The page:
More than 100 students at the Academy of Notre Dame in Massachusetts have signed a petition protesting the killing of dogs in Call of Duty: World at War.
Breanna Lucci, a 19-year-old student at the Academy of Notre Dame High School in Tygnsboro, Massachusetts, was watching her older brother play Call of Duty: World at War when she saw something in the game that disgusted her: he killed a dog.
"My little 12-pound Pomeranian, Winnie the Pooh, is sitting next to him, and I'm thinking, 'This looks horrible!'" Lucci recalled. "My brother is a sweetheart. He won't be killing dogs after playing. But some people might."
Lucci's fear that "some people might" be driven to kill dogs because of Call of Duty has led her to start a petition protesting what she sees as the despicable acts portrayed in the game. "Killing dogs as a form of entertainment ... over and over again...That's one of the objects of the game," she said. "Parents need to know what they are buying their kids. Killing animals should not be a form of entertainment."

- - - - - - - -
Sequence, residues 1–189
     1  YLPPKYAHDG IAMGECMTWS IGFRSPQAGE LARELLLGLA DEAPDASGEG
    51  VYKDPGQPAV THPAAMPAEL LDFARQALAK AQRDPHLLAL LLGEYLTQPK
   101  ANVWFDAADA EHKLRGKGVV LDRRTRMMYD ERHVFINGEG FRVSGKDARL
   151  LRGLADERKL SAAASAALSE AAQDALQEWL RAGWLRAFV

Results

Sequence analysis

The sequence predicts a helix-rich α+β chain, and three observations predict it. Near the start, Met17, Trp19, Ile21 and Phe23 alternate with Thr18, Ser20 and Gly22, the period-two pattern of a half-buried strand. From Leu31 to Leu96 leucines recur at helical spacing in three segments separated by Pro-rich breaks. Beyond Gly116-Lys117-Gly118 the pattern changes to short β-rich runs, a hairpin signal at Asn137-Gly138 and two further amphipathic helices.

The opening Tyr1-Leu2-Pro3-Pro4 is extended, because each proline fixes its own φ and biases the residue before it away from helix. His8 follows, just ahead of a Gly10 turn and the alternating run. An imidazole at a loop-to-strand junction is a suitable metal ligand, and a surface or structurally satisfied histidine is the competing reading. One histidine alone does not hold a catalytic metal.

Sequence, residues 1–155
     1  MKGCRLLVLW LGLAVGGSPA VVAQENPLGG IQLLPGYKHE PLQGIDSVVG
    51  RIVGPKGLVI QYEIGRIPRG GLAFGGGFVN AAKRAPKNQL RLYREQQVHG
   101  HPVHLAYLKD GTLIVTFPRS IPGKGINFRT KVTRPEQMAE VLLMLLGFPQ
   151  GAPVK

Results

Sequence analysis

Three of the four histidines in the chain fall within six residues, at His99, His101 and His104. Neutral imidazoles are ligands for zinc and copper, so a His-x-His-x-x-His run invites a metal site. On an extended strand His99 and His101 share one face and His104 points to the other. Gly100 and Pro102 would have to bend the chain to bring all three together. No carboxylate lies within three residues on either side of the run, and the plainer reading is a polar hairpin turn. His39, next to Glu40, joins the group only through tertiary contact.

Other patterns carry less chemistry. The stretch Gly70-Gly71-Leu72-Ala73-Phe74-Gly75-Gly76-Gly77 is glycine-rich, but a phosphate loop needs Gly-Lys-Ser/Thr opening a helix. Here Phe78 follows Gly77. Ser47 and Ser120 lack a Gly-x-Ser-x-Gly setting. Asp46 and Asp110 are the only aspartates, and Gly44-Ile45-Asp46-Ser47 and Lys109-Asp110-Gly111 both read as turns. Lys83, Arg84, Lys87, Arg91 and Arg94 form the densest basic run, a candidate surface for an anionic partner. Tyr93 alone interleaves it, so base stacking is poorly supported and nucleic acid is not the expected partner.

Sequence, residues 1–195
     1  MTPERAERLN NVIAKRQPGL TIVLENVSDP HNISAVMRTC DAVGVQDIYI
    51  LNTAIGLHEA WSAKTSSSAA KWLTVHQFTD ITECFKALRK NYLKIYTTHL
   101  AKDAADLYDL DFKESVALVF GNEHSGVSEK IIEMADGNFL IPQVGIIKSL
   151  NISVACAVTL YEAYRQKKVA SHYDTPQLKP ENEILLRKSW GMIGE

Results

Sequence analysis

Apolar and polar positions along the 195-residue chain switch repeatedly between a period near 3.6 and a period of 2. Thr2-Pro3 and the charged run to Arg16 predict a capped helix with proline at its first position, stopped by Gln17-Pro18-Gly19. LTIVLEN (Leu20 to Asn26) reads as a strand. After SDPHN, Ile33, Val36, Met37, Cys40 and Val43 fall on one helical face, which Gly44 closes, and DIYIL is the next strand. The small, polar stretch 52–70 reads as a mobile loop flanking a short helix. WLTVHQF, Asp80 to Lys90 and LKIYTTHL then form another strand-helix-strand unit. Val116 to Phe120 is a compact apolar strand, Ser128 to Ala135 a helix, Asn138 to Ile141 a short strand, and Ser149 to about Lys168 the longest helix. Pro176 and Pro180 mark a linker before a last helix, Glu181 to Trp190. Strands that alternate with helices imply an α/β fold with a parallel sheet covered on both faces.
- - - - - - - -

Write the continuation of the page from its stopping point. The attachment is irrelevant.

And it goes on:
Lucci, who is the president of the school's animal rights club, pushed the petition throughout her school, and has gotten more than 100 classmates to sign their names. She hopes to eventually send it to Activision-Blizzard. Lucci has also won the support of school faculty, including the moderator of her club, Barbara Vitale, an English teacher who emphatically stated that "we don't think killing people is a good idea either."
Neither do we. See, in all the indignant uproar, Lucci and her supporters are missing one important thing: context. Killing dogs is indeed one part of the "form of entertainment" that World at War delivers, but the game is far from a puppy murder sim. These animals are trying to kill you, so maybe killing them back isn't such a horrible thing to do. If we could hug all these rabid canines into submission, we would, but sometimes a rifle's all you got.
Also, Winnie the Pooh is a bear. That's not a very good name for a dog.